Saturday, April 27, 2013

X is for Xiphosura

Harbor Island was sun swept. Even early in the morning the glare came in relentless through the wide glass panes, turning the wood on the veranda too hot to walk on, bringing out the smell of the brine and the paint and the newness that is America.

But there was no newness down in Beaufort where the plantation houses moldered away quietly under Spanish moss. She had told me about the cemeteries when all was new, but I had half forgotten the passion of an afternoon under the eaves a long time ago.



So already I cut a solitary figure as I wandered on the beach, my track like the cusps of the waves. Until I saw the horseshoe crabs marooned on their backs, half alive, half dead as the sun climbed in the sky.

The Chinese woman posed and Jack took her photo. Her face a picture of love or vanity or the shallowness that is possession, all in a Kodak moment - sallow and two dimensional, washed out in the morning sun.

I was glad when he went away with his daughter and left her there, asking nagging questions, although it was a brief lull in her vanity. A man in his prime with the sand falling swift through his veins, although he never realized it then.

One day, sooner than I would ever know after the day on the beach he would inch his way to the piano in the hospice foyer and play "When you Wish on a Star," for the last time, his voice a deathly gasp from the undertow. And he'd look around at the able bodied nurses and the visitors as they strode in and realize he was stranded too. A horse shoe crab on its back midway between life and death.

So where was I, I wonder now. All these years a cold star in a blue constellation, far away in time and space where nobody could reach me...

Well my X was a bit different from the rest, but isn't x always like that? It's a bit edgy, its x-rated. It can see through your skin into your bones.

Xiphosura, the horseshoe crab is an arthropod that lives primarily in and around shallow ocean waters on soft sandy or muddy bottoms. They are a common sight on the beaches of America. The crabs occasionally come onto shore to mate and then they get into trouble. Well don't we all.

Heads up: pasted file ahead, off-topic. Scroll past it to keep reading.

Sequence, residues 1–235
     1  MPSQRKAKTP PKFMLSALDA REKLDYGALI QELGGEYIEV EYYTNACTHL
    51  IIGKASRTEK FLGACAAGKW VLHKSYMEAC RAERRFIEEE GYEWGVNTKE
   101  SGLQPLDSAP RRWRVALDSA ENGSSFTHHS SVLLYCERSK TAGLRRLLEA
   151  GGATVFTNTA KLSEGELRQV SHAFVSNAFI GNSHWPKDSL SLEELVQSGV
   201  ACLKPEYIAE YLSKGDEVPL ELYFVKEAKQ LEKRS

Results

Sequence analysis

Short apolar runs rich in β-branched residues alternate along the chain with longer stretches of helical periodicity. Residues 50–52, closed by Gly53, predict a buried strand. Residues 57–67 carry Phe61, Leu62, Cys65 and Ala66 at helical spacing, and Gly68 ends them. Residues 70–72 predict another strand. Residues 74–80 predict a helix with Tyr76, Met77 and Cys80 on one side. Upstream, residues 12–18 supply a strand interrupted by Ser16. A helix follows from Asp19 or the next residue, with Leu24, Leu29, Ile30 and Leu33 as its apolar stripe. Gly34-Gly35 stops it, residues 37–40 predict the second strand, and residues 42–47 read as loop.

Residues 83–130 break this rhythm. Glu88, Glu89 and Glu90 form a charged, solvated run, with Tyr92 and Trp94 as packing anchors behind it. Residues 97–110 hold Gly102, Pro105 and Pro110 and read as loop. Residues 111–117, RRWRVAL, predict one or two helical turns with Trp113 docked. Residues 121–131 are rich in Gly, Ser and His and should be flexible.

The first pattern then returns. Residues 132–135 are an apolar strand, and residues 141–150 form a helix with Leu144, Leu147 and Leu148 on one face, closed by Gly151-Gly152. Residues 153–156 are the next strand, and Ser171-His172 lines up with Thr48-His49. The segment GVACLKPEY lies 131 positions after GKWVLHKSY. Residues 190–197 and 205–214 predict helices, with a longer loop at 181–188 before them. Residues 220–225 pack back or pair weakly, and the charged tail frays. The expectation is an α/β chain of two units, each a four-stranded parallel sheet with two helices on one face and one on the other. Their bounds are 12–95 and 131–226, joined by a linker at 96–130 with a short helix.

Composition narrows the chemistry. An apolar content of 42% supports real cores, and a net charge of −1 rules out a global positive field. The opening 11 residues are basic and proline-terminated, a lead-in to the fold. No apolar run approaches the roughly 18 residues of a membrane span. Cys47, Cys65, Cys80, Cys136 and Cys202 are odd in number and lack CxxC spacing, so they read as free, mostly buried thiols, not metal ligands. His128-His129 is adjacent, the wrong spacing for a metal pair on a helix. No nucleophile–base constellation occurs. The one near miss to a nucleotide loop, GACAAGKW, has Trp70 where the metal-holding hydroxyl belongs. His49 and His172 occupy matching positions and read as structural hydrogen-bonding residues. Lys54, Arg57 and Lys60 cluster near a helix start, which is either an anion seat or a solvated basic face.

They are commonly used as bait and in fertilizer which is no great epitaph.

The entire body of the horseshoe crab is protected by a hard shell. It has two primary compouns eyes and seven secondary simple eyes, two on the underside. Its multiple eyes remind me of a spider,and it looks like a spider under the shell.  It has five pairs of legs for walking, swimming, and moving food into the mouth. Its long, straight, rigid tail can be used to flip itself over if turned upside down, so a horseshoe crab with a broken tail is more susceptible to being attacked and eaten.

Useless Fact About the Xiphorusa

Although they are not Royality, their blood is blue. Unlike vertebrates, horseshoe crabs do not have hemoglobin in their blood, but instead use hemocyanin to carry oxygen around their bodies. Because of the copper present in hemocyanin, their blood is blue.

What Not To Say to a Xiphosura

Want to go fishing?




14 comments:

  1. I've seen these awesome creatures on lots of beaches, on Cape Cod, in Maine, and in Florida. I love marine life.

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    1. I know Carrie-Anne - always get a kick out of it when I see them.

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  2. This was indeed different from the rest of your alphabet. It's very profound. I love how you related the crab (pls don't ask me to write the x word) to the man. I love this line - A man in his prime with the sand falling swift through his veins, although he never realized it then. Beautifully written.

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    1. thanks so much Dee - I know it was a bit different as there was not too much background on horsehoe crabs :)

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  3. At least we don't get stuck on the beach after mating and die. At least most of us don't. Hopefully.

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    1. hmm Jean you obviously have not been to some of the unpleasant resorts I have frequented :)

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  4. Well written post, David. Wow! You pulled me right in with that one. Very sad. I've heard of horseshoe crabs, but have never heard them called this.

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  5. I've neer seen a horseshoe crab in real life. Only pictures. Maybe one day. Although their underside sounds like it'd creep me out a bit.

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    1. oh they are quite common on the Atlantic coast Patricia, certainly down south

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  6. I see them occasionally in this area. They are so prehistoric looking & creep me out.

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    1. Yep bet you get them too - they do look that way, particularly from underneath..

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